Kumas Royale is incredibly high stakes because winning over the 20 or so minutes a game will take earns you a gigantic bounty of experience, often giving you a full level or close to it all the way up to the level cap, as well as high quality gear and experience boosts. Losing earns you nothing but wasted time. You get nothing if you lose. When you first play, you'll be confused about what's going on and why this bad minigame is worth so much experience. You'll slowly learn how to play and what strategies work for you. Then you'll begin to get frustrated as players who are obviously newer take command of the Boss and proceed to immediately ruin the round as they quickly take catastrophic damage. You see, the Boss Kumas has tons of cool abilities and a good player won't use any of them because if you do, you'll take too much damage before you kill the enemy. Eventually, crippling frustration towards those who are understandably inexperienced will take control and you'll focus on excellence to ensure a win. Then you'll open the Xbox guide, the game will freeze, and you'll get a deserter penalty to go with your loss and enduring stress. More on that in a bit.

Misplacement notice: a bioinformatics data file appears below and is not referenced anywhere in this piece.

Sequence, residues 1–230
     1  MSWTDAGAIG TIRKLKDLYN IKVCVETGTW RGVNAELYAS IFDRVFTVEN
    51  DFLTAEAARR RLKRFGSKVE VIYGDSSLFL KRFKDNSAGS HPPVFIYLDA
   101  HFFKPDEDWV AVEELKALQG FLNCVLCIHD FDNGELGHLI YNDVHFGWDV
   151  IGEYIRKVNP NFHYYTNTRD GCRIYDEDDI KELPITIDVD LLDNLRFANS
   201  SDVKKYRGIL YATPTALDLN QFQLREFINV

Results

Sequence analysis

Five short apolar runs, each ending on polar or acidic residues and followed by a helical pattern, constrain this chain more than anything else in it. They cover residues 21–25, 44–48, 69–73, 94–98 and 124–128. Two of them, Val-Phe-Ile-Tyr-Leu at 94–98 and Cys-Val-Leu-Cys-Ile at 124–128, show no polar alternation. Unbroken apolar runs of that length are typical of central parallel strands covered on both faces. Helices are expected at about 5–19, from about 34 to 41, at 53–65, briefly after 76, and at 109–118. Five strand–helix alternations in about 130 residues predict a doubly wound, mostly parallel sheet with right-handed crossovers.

TERA's PVE end game is standard fare and dedicated to people who enjoy eye candy. You'll run dungeons with a core group and ultimately gear up to clear harder and harder content. This harder content introduces new abilities and additional damage to normal dungeons and makes them at least moderately enjoyable. Once you're finally geared out, which won't take long for good players with a solid group, many players will opt to grind for fashion vouchers. These vouchers can be turned in for absolutely scandalous costumes for either gender, including the race that looks like a little girl. Other than that, there's the PVP mode other than Kumas Royale which lets you actually use your character and little else to occupy you. MMOs like World of Warcraft are popular because there's always something to do when you log in. Unfortunately, TERA doesn't scratch that same itch.

Not shown: lingerie options that are actually available in-game.Not shown: lingerie options that are actually available in-game.